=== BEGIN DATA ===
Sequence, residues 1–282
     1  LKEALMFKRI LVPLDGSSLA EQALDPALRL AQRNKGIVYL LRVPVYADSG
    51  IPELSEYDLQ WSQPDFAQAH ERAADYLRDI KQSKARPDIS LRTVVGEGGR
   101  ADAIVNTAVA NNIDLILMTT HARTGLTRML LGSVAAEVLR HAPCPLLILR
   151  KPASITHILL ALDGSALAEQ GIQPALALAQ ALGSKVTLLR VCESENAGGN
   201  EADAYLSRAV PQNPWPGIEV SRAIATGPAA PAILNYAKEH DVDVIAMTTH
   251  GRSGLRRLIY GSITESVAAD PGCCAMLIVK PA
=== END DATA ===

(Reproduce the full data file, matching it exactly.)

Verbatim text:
Sequence, residues 1–282
     1  LKEALMFKRI LVPLDGSSLA EQALDPALRL AQRNKGIVYL LRVPVYADSG
    51  IPELSEYDLQ WSQPDFAQAH ERAADYLRDI KQSKARPDIS LRTVVGEGGR
   101  ADAIVNTAVA NNIDLILMTT HARTGLTRML LGSVAAEVLR HAPCPLLILR
   151  KPASITHILL ALDGSALAEQ GIQPALALAQ ALGSKVTLLR VCESENAGGN
   201  EADAYLSRAV PQNPWPGIEV SRAIATGPAA PAILNYAKEH DVDVIAMTTH
   251  GRSGLRRLIY GSITESVAAD PGCCAMLIVK PA